Porfirio Díaz Under the Foreign Eye: The Representation of the President and his Government Years by American and British Writers (1901-1911)

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Latin American Studies Program, University of Delaware, Newark, DE
Porfirio Díaz became the constitutional President of the Republic of Mexico after winning the 1876 election, remaining in office until 1911, at which time he resigned and went into exile in France, where he resided until his death in 1915. The period corresponding to his years of government is known as the “Porfiriato”. There is ample historiography on “Porfiriato”, from the period contemporary with Diaz’s presidency up until the present time. The aim of this paper is to discuss the depiction of Don Porfirio and his presidential regime by foreign writers contemporary with his government (XIX-XX centuries). Just as many Mexicans have written about the age in which they lived, many foreigners also took a stand on the events in Mexico. The works herein analyzed are: Mexico as I saw it (1901) by Mrs. Alec Tweedie, Barbarous Mexico (1911) by John Kenneth Turner, and Diaz, Master of Mexico (1911) by James Creelman.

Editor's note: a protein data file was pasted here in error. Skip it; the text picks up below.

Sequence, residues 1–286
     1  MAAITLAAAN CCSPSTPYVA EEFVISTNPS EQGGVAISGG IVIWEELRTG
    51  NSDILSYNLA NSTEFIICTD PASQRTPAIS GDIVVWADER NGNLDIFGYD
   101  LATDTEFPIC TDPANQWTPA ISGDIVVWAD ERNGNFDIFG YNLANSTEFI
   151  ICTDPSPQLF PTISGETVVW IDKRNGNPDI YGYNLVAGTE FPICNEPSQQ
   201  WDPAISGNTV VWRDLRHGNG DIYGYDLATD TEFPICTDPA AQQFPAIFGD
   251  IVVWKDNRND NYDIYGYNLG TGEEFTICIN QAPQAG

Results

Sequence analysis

Mexico, Porfiriato, Historiography